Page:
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Inheritance of style color in hazelnut



Inheritance of style color in hazelnut



HortScience: a ication of the American Society for Horticultural Science 39(3): 475-476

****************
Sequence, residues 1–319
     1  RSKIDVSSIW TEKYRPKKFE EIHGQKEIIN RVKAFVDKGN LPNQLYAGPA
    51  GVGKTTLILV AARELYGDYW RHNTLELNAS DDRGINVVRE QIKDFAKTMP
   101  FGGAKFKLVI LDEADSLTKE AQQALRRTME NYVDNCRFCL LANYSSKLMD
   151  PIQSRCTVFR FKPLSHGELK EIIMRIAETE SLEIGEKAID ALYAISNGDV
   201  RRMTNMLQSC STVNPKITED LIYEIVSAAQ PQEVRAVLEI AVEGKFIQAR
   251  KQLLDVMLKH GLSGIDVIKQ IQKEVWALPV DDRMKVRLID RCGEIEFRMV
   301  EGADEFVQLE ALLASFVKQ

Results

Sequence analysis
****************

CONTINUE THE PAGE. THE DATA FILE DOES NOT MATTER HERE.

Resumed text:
The style color of standard hazelnut (Corylus avellana L.) cultivars ranges from pink to dark purple. Styles with an unusual yellow color were first noted in seedlings of the progeny 'Goodpasture' x 'Compton', and the ratio was approximately equal to 3 red: 1 yellow. Controlled crosses were made to investigate the genetic control of style color. The same 3:1 ratio was observed in four additional crosses in which both parents had red styles. Two crosses of a red and a yellow parent gave approximately equal to 50% yellow styles, while a cross of two selections with yellow styles gave only seedlings with yellow styles. These segregation ratios indicate control by a single locus, with yellow style color recessive to red. Seedlings with yellow styles have green buds and catkins and a more upright growth habit than their siblings with red styles. Inspection of the pedigrees of these progenies shows that 'Daviana', 'Willamette', 'Butler', 'Compton', 'Goodpasture', and 'Lansing #1' are heterozygous. 'Daviana' appears to be the original source of the allele for yellow styles, as it is a known or suspected parent or ancestor of the others. Ratios in a progeny segregating simultaneously for growth habit (normal vs. contorted) and style color indicated independence of the traits. However, in a progeny segregating simultaneously for leaf color (red vs. green) and style color, no redleaf seedlings had yellow styles. The S-alleles of eight genotypes with yellow styles were determined, and indicate a possible linkage between the yellow style locus and the S locus that controls pollen-stigma incompatibility. One explanation is that the yellow style trait is conferred by an allele (a(ys)) at the anthocyanin (A) locus that controls leaf color. A second explanation is that there is a yellow style locus closely linked to the A locus. The A locus is known to be loosely linked to the S locus.

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